Retrospective: The Music Of Prince In The 90's

By @TrueGodImmortal

It has been two years since the unfortunate passing of the legendary Prince. He was one of the pioneers of music and a pivotal artist in multiple genres, influencing a generation of new artists to come along. As his 60th birthday just passed, I wanted to take a brief look at his impact and influence in the music world after the biggest decade of his career. As one of the most androgynous artists in the history of music, Prince was unapologetic and very much so comfortable in his own skin. He was a legend, with almost 40 years in the music game under his belt, with nearly that many albums in his catalog. It was interesting when we arrived on the scene in the late 70's, showcasing what he does best as an artist, with his creativity beaming through in his work, while also providing the world with a much different outlook on several topics, some of which were taboo. After taking off in the 80's, Prince would enter the 90's as one of the biggest stars in the entire world, and he would face some of his biggest challenges, in the studio and outside of the studio.

The 90's would begin with Prince making yet another film and yet another tour, this one different than before. After Sheila E would depart his band, along with other core pieces, Prince would end up working with a mostly new band and set off what would be known as the tumultuous period of his career. The film he was in the process of making was deemed as a sequel initially to Purple Rain, and it would be released in 1990. That film would be Graffiti Bridge and the opinions on this movie and the album of the same (the soundtrack in so many words) would vary tremendously. Graffiti Bridge would be a successful album, but the movie would not, as Prince never seemed to work as an actor and the writing for the film was ambitious, but also uneven. While a young Tevin Campbell would get his start in this film and on a song from the album, there wasn't much to speak of in terms of this experiment that didn't necessarily work. After the Graffiti Bridge failure, Prince set out on a journey that would bring him newfound life and musical inspiration. With an entire new band in tow and fresh perspective, Prince formed The New Power Generation and entered what I like to call his second prime.

His second prime would begin with the 1991 album Diamonds And Pearls, which is one of his greatest albums ever. It may not be on par with Sign O' The Times or Purple Rain, but it wasn't too far behind. With multiple hits on the album, it seemed as if Prince had found his way back into perfect form after the failure of Graffiti Bridge. For an artist that dominated the 80's with three classic albums, as well as a huge movie soundtrack for Batman, Prince was still determined to outdo his previous work, and he nearly accomplished that feat with Diamonds And Pearls. With singles like the title track, "Money Don't Matter 2 Night", and the largely successful "Cream", Prince was riding a massive wave of success with the album reaching 3 million copies sold in the US, and a total of 5 million copies worldwide. Prince had found success with The New Power Generation and he would attempt to take things higher on the next album, but as a result, he created something even more iconic than a hit album. With an album cover that reflected the combination of both the male and female symbol, Prince would release an album that would become known later as "Love Symbol", with varying content and styles. The "Love Symbol" album would showcase Prince continuing the vibe he created on Diamonds And Pearls to an even higher power and I've always felt like this album was a slept on release in his career. It would also represent a turning point for Prince, as he grew frustrated with Warner Bros and how they executed what they do. While "Love Symbol" would be a successful release, it not reach the expectations and standards that Prince had set for himself. As a result, his disenfranchisement with the label would lead to him taking a stand right around the time they would release a Greatest Hits album. The greatest hits album would be a success, but as Prince attempted to rebel against his label, he would christen himself as a symbol, no longer being called Prince for a small period of time.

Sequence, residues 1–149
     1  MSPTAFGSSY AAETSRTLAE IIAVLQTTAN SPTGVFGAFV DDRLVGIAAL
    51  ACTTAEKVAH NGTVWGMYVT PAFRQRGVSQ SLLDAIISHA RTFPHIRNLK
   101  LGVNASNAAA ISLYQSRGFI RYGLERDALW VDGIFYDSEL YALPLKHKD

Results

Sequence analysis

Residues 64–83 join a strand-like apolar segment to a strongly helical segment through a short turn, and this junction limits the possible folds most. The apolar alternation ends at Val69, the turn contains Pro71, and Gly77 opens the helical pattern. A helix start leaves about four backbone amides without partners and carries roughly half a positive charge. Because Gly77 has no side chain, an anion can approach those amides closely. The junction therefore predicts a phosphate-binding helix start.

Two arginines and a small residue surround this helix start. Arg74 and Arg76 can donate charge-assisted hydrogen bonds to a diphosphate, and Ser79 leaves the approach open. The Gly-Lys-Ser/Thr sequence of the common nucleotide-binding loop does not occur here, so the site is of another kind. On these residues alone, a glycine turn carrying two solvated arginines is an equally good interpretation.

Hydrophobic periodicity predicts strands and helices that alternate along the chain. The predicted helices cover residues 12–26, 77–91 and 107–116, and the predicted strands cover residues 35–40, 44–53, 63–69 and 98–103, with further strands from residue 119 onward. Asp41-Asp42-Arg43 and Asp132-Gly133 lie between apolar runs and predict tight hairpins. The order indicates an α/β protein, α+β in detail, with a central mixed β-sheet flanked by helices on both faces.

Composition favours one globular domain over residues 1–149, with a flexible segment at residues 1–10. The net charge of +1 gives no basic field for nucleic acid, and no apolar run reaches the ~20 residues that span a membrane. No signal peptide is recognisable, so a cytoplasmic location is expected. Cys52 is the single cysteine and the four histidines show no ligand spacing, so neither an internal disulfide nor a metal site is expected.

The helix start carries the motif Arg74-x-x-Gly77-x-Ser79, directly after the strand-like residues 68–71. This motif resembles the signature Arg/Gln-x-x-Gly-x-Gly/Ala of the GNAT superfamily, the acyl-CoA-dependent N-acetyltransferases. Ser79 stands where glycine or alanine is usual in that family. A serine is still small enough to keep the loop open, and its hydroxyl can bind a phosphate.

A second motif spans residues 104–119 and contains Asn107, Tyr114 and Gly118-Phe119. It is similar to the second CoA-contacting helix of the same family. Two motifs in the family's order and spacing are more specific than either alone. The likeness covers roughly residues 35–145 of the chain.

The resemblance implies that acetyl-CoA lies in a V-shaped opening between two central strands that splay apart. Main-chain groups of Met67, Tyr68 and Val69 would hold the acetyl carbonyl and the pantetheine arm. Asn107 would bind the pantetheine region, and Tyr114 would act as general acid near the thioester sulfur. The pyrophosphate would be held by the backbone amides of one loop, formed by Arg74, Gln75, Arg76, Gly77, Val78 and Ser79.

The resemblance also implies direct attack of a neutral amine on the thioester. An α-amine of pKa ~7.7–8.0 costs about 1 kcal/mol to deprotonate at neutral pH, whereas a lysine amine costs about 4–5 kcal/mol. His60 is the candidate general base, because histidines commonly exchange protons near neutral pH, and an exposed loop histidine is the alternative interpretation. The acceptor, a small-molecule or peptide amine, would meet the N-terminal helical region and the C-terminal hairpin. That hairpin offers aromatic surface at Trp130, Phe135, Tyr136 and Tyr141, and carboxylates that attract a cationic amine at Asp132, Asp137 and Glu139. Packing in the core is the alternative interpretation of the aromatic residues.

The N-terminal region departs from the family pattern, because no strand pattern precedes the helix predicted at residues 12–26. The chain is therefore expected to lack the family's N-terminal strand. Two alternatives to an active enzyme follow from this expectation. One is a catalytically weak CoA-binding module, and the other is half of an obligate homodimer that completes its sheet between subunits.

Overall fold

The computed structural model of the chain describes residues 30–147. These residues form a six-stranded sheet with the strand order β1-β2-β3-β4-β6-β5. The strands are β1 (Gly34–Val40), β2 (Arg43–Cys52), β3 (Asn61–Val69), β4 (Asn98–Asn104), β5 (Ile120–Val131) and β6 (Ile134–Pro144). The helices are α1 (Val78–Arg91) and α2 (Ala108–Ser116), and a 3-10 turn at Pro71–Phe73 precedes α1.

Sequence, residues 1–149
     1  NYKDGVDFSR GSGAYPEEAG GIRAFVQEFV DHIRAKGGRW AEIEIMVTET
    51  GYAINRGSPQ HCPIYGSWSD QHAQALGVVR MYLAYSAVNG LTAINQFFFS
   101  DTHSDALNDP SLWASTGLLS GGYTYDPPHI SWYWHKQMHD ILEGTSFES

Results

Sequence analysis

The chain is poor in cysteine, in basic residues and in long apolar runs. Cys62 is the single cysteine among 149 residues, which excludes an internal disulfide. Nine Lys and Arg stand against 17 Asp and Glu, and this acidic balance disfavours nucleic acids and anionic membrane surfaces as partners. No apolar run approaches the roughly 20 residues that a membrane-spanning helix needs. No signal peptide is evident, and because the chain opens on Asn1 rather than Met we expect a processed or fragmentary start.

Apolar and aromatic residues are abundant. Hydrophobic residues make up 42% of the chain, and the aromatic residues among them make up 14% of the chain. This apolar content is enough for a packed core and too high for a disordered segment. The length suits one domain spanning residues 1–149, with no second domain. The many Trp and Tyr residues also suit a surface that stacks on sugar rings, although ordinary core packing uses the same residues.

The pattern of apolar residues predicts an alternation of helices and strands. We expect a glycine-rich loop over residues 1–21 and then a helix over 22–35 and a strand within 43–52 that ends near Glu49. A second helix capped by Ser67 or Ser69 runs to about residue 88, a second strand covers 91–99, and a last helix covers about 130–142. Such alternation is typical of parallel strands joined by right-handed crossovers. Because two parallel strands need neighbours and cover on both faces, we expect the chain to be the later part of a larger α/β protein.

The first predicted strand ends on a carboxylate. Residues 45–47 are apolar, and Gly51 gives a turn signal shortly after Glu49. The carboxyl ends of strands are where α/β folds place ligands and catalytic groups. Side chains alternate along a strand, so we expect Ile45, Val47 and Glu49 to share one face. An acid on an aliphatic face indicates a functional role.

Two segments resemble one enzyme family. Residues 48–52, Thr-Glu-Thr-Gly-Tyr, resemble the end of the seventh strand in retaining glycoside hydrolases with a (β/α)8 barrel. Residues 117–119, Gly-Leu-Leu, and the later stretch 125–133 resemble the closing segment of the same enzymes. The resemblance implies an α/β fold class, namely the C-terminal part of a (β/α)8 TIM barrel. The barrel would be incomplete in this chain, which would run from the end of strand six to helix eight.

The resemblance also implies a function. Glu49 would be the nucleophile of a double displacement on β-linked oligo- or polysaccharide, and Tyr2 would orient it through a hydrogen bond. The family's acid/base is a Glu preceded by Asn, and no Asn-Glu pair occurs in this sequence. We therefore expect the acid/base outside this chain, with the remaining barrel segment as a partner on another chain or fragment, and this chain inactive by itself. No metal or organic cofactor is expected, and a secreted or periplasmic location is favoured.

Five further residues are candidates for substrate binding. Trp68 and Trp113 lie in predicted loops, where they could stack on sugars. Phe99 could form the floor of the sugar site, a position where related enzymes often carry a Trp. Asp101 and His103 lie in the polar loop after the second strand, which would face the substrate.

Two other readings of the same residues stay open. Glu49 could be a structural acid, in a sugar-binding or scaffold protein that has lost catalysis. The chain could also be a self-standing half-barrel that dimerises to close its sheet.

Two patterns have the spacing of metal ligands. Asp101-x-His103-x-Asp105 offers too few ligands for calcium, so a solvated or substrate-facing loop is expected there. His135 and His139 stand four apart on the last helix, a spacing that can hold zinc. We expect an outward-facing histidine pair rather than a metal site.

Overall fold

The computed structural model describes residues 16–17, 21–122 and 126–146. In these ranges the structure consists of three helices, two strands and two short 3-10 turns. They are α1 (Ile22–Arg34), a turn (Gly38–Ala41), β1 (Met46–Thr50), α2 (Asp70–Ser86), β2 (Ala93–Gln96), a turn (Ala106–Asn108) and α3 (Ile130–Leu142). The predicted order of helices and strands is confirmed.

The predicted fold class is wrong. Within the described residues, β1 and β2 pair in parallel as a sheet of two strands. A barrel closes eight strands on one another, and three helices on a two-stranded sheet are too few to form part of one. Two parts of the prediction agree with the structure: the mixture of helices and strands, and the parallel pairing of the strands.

Prince would use the symbol as his name and then he would go on an album releasing spree to release the backlog music he had built up over the years in the studio in an attempt to free himself of the Warner Bros. label. Writing "slave" on his face at times and becoming more outspoken about the industry, Prince was trying to settle into the new role he had as an older and veteran artist, he would have an interesting 1994. When he finally convinced the label to do another album of new material, Prince would end up releasing Come, a solid project that would serve as his final new release under the Prince name for Warner Bros. With only one word titles and a minimalist sound, Come is regarded as one of the underrated Prince albums even though it was met with mixed reviews initially by critics. The often delayed Black Album would also be pressed and released by Warner Bros in 1994, though most of those songs had previously been heard (the album was set to actually be released in 1987).